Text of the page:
MSc Industrial Biotechnology
Scott has completed his MSc and is now working at Oxford Biotrans, a University of Oxford spin-out company.
"One of the main aims of the IBioIC masters course is to bridge the gap between academia and industry, and I definitely feel as though the course delivered.
Looking back at my time in academia, my decision to join the MSc cohort was one of the best decisions I have made to date. One aspect of particular interest was travelling to various institutions to meet experts in their respective fields, learning about cutting edge advances, which was definitely insightful. Another aspect of the course I thoroughly enjoyed was being presented with areas of industrial biotechnology which were identified by industry members as lacking expertise. I was introduced to areas of biotechnology I hadn’t been exposed to which are now daily occurrences in my line of work. Now in full time employment, I can really put into perspective the scope and variety of the masters course. I still believe that I would have never got my job in Oxford without my IBioIC placement, which of course I couldn’t have done without the IBioIC masters course. My placement really forced me to identify my weaknesses and by doing so I worked hard to improve on them. By the time I came to looking for work as a graduate, I found that I was fully prepared for interviews and the work that I was given.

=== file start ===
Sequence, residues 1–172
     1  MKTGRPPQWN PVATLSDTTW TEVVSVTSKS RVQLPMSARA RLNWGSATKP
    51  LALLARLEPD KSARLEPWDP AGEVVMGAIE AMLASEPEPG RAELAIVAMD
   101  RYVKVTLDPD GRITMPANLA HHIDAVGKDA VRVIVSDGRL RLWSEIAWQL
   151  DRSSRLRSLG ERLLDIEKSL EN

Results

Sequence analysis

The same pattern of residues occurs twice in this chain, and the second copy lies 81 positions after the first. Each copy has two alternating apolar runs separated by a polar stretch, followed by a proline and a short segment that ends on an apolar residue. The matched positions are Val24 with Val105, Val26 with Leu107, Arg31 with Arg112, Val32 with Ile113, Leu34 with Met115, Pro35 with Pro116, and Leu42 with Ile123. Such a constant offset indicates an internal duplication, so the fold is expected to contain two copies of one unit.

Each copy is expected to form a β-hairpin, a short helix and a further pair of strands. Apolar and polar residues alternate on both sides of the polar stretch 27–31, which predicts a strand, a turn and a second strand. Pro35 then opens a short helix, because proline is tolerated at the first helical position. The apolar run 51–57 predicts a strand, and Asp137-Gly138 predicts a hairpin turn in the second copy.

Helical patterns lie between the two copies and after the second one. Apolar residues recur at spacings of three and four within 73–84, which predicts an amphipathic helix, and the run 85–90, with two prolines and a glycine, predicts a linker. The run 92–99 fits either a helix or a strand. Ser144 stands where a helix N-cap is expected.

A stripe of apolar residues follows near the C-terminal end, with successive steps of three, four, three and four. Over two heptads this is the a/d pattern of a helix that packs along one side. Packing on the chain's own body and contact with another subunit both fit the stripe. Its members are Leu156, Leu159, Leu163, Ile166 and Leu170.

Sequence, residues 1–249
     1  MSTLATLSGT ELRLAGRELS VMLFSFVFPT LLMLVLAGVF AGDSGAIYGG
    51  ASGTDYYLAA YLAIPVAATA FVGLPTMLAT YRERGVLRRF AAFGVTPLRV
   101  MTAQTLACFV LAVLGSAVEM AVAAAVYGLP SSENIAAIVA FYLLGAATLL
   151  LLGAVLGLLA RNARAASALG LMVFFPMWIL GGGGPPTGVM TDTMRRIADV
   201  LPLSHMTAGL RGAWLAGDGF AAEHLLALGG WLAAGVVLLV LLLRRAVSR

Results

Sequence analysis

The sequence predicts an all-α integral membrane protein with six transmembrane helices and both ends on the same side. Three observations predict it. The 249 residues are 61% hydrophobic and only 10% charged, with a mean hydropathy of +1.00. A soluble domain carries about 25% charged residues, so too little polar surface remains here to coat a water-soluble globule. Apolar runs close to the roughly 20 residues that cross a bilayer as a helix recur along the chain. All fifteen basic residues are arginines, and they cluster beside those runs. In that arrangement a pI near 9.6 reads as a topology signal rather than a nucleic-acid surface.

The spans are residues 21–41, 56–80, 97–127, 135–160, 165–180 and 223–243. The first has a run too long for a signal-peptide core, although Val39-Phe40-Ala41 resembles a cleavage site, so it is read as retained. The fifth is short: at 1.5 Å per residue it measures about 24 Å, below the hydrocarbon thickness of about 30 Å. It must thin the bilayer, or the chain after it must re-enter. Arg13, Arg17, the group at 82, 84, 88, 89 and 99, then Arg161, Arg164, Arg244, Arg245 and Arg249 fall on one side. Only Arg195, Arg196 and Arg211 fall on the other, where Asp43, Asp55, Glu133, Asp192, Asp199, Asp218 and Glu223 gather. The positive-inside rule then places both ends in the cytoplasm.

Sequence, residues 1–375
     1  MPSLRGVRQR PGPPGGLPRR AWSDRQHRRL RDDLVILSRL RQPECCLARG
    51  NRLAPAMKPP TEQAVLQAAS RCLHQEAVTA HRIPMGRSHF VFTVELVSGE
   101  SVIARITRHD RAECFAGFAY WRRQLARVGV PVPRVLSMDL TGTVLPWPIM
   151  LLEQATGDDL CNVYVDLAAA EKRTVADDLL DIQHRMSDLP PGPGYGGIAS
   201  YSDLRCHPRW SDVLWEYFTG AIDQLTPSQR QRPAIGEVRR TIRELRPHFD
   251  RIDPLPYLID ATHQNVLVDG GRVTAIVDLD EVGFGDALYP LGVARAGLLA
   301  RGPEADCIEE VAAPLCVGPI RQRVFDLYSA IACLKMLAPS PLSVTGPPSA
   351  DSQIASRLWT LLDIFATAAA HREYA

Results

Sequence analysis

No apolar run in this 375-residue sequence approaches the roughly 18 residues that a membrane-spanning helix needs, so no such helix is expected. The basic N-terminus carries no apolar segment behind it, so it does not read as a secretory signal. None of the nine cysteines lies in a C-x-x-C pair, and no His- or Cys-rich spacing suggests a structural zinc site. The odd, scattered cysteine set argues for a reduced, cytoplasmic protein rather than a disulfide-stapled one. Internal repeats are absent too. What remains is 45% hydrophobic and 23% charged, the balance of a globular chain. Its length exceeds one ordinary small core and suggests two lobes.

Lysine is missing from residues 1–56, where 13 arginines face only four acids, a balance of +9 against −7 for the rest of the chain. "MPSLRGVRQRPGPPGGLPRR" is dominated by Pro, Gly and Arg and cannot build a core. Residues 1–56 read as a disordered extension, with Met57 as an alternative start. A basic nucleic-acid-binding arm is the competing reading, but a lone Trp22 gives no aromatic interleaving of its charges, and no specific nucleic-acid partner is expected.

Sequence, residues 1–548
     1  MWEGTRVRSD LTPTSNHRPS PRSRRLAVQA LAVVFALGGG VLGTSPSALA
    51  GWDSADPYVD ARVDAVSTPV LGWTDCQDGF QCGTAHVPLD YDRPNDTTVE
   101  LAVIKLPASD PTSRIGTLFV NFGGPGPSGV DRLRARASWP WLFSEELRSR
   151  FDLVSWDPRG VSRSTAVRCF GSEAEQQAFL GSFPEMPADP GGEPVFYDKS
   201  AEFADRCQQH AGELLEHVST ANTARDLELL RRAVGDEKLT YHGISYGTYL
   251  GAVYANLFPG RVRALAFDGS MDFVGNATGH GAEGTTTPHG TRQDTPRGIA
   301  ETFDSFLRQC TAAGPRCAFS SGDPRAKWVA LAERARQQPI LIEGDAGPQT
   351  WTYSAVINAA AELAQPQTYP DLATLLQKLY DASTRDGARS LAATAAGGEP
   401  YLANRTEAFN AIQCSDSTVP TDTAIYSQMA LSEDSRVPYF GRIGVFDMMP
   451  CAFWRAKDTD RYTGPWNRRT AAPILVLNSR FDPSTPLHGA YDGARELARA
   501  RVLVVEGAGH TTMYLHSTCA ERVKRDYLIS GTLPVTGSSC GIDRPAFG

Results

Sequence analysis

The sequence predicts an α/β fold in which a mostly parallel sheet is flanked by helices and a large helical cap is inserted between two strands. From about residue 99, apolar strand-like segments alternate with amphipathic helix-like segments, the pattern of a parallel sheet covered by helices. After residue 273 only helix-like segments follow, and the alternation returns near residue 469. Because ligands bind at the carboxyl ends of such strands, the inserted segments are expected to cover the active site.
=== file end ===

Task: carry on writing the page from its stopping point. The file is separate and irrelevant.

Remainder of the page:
I now work at a University of Oxford spin-out company, Oxford Biotrans. We specialise in the biosynthesis of high-value chemicals utilising specific enzyme technology. My role within the business is a research & development scientist dealing with areas such as fermentation, biotransformation, enzymology, mutagenesis etc. There are definitely flavours of all the courses the IBioIC course encompassed.
My hours are scheduled to my experiments, therefore I rarely work 9 to 5. It is very hard to describe a “typical day” as my workload is very dynamic. Duties can include setting up cell cultures, researching new techniques or analytical methods, setting up bioconversion reactions and investigating new mutations for the enzymes we use. I have been informed by others, but also personally feel, that working for a start-up company has and will continue to be a huge asset in my career. I have been exposed to techniques and practices that I wouldn’t have had the opportunity to do in larger businesses.
One of the projects I am working on currently is the bioconversion of valencene (orange scent) to nootkatone (grapefruit scent). This is Oxford Biotrans’ flagship project and is an example of the prowess we hold over specific enzyme reaction. I have learnt a great deal already in my short time at the company and feel very confident about my future work and projects.
One facet of the job I enjoy the most is the freedom I am given with my experiments. This gives me the determination to try my best, which I know is valued in the team.
Even at this early stage in my career I can see myself developing alongside and within Oxford Biotrans. I feel as though I still have a lot to learn and look forward to the future with the company as it grows.
I would like to take this opportunity to thank all staff at IBioIC that assembled the Industrial Biotechnology MSc and would encourage any scientist looking to work in industry to think about applying to the course.